News & Analysis

9th Circuit rejects DOL's interpretation of 'tip-credit' reg

The Fair Labor Standards Act (FLSA), the federal law that imposes minimum wage and overtime compensation requirements, permits employers to take a credit for minimum wage purposes for a portion of the tips received by employees who are engaged in an occupation in which they "customarily and regularly receive" tips totaling more than $30 a month.

NLRB didn't have to use new standard for deferring to arbitration awards

What happens when a union-represented employee claims she was discharged because of her protected activities (such as being a zealous shop steward) and the company contends she was discharged for safety infractions and insubordination? What happens if the dispute is resolved in the company's favor by an arbitration award under the parties' collective bargaining agreement but the employee also files an unfair labor practice (ULP) charge with the National Labor Relations Board (NLRB)? Should the NLRB decide the case on the merits or "defer" to the arbitration decision and dismiss the charge?

More employers can claim contraception exemption under new rules

The Department of Health and Human Services (HHS) announced recently that it was expanding the circumstances in which an employer can offer a group health plan that doesn't cover contraception. The action was taken in response to an Executive Order from President Donald Trump asking the agency to amend the contraception coverage regulations to promote religious liberty. New exemptions allow a wider range of employers to opt out of providing coverage for some or all types of contraception if they can demonstrate a religious or moral objection to doing so.

Bah hug-bum! Be alert for sexual harassment at the holiday party

Every December we are asked about the do's and don'ts of holiday parties. You've read our general responses in articles like "6 tips for minimizing holiday party liability" (on pg. 1 of our December 7, 2015, issue). But the close of 2017 arrives with some special cautions. The whole world is watching the drama of workplace harassment, and the office holiday party might be the Super Bowl ― often boring, but the one event in which almost everybody takes part. So here are some special points to keep in mind this year.

Forget sticks and stones—a single word can hurt employers

The U.S 3rd Circuit Court of Appeals (whose rulings apply to all Delaware employers) reversed a lower court's dismissal of a hostile work environment lawsuit based on the single use of a racial slur by a supervisor. In doing so, the appeals court clarified the standard for determining what makes a work environment hostile.

Telemarketers catch a break

To take a break to go to the bathroom, or not to take a break to go to the bathroom—under the Fair Labor Standards Act (FLSA), that isn't a question your workforce should be asking, particularly if the answer affects their compensable time. As a telemarketing firm discovered the hard way, the U.S. Department of Labor (DOL)—which enforces the FLSA—takes the question of breaks seriously.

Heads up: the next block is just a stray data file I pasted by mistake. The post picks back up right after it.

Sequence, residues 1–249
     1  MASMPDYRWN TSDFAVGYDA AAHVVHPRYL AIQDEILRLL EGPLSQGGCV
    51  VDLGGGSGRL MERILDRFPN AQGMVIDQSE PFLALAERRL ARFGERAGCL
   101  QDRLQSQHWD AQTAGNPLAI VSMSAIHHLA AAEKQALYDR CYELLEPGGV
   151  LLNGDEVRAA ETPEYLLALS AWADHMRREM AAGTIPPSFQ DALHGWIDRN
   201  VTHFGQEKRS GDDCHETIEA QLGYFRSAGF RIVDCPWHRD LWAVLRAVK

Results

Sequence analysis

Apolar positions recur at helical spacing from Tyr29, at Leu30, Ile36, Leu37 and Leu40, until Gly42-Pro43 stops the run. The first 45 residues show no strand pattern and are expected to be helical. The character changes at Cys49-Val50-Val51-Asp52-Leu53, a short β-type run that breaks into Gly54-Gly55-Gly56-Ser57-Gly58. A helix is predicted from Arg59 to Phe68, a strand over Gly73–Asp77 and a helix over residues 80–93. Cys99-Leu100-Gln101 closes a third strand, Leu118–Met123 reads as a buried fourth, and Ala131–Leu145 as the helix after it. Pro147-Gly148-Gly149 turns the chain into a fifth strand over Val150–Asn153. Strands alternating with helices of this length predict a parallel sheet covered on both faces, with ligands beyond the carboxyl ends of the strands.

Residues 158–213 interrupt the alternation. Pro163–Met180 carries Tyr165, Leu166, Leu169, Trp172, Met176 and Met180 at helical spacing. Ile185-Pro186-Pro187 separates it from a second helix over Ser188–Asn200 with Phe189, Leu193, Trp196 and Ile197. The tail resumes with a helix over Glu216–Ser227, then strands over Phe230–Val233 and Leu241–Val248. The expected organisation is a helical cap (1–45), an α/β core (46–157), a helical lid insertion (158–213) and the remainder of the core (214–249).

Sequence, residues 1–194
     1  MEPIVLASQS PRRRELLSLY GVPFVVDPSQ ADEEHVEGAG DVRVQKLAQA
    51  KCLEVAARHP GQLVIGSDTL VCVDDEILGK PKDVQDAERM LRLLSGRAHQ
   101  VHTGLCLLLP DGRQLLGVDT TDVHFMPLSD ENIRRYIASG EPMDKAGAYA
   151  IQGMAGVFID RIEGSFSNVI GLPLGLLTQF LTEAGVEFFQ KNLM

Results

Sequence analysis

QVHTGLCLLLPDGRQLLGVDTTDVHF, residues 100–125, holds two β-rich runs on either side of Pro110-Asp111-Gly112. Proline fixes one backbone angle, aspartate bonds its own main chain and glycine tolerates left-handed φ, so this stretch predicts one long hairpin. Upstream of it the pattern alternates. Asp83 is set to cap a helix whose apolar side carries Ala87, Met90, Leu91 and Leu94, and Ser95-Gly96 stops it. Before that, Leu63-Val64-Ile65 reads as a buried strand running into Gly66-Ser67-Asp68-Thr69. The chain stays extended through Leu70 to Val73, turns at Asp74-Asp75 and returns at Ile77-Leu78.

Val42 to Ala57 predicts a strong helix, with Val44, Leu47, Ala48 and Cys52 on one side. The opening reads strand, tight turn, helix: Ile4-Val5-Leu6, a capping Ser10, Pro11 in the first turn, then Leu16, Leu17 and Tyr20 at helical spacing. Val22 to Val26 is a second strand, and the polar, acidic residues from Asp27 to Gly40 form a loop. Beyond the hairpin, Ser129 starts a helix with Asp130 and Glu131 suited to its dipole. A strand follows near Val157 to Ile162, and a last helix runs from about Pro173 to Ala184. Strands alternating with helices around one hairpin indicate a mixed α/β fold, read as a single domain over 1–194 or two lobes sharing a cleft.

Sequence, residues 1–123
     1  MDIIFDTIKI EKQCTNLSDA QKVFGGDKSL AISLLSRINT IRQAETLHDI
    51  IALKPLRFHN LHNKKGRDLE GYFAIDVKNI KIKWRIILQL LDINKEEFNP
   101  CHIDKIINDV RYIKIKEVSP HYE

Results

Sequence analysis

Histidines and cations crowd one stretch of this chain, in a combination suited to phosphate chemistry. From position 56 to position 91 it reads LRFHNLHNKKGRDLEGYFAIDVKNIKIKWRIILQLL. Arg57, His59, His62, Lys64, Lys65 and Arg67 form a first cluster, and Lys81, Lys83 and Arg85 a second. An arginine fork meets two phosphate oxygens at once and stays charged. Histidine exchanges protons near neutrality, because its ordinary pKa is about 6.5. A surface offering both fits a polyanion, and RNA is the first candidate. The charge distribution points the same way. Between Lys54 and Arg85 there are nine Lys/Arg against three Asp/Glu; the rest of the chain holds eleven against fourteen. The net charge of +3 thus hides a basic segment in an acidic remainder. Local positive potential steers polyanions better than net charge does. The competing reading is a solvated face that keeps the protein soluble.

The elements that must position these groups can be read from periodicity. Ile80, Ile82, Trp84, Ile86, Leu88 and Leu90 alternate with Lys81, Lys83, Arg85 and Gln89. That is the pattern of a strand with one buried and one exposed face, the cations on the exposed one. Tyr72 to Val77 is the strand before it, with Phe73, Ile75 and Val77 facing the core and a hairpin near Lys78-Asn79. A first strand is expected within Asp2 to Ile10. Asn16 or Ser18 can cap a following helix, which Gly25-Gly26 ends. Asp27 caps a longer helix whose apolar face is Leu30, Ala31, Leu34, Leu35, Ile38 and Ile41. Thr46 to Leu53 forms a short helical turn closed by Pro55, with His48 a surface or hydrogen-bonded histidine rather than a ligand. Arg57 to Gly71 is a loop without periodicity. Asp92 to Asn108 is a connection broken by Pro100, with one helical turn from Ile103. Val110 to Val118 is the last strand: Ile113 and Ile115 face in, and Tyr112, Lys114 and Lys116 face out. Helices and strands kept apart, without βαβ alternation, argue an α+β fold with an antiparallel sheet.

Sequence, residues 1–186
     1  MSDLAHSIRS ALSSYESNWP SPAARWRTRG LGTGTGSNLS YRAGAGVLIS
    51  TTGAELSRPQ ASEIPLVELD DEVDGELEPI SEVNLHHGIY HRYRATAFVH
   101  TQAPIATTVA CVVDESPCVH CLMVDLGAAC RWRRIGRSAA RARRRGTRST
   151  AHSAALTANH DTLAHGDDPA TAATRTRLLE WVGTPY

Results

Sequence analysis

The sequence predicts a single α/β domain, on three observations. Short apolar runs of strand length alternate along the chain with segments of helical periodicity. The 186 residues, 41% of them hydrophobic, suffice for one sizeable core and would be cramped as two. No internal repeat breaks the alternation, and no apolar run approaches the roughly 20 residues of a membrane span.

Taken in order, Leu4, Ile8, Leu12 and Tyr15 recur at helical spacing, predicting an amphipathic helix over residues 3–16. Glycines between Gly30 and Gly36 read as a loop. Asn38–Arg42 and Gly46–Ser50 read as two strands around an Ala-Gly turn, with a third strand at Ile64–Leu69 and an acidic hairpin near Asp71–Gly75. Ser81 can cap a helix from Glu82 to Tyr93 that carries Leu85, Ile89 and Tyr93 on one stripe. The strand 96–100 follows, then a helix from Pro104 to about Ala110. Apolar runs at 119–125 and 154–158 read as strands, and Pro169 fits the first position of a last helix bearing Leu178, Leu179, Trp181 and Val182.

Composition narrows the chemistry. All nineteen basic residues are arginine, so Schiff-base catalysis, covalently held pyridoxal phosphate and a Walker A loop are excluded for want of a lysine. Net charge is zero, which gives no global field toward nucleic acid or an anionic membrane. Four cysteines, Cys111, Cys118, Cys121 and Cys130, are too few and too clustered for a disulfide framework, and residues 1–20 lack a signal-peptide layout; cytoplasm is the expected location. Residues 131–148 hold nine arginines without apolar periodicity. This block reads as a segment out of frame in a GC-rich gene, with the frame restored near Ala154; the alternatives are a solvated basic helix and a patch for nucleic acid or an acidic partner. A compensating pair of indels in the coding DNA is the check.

Hollywood scandals generate new interest in workplace harassment

The past couple of months have been a little crazy. It seems like every day, we hear a new salacious story about inappropriate sexual behavior committed by various movers and shakers in La La Land and beyond.

More employers can claim contraception exemption under new rules

The Department of Health and Human Services (HHS) announced recently that it was expanding the circumstances in which an employer can offer a group health plan that doesn't cover contraception. The action was taken in response to an Executive Order from President Donald Trump asking the agency to amend the contraception coverage regulations to promote religious liberty. New exemptions allow a wider range of employers to opt out of providing coverage for some or all types of contraception if they can demonstrate a religious or moral objection to doing so.

When is an employment action significant enough to be adverse?

A recent 3rd Circuit decision raises questions about when an employment action is significant enough to constitute an adverse action within the scope of state and federal discrimination laws.

Agency Action

EEOC launches respectful workplace training program. The Equal Employment Opportunity Commission (EEOC) announced in early October 2017 two new training programs for employers: Leading for Respect (for supervisors) and Respect in the Workplace (for all employees). The training programs focus on respect, acceptable workplace conduct, and the types of behavior that contribute to a respectful and inclusive workplace. The programs are customizable for different types of workplaces and include a section for reviewing employers own harassment prevention policies and procedures. The training program is an outgrowth of the Report of the Co-Chairs of the EEOCs Select Task Force on the Study of Harassment in the Workplace. We always said the report was just a first step, said EEOC member Victoria Lipnic, who is a coauthor of the report. Implementation of the reports recommendations is key. These trainings incorporate the reports recommendations on compliance, workplace civility, and bystander intervention training.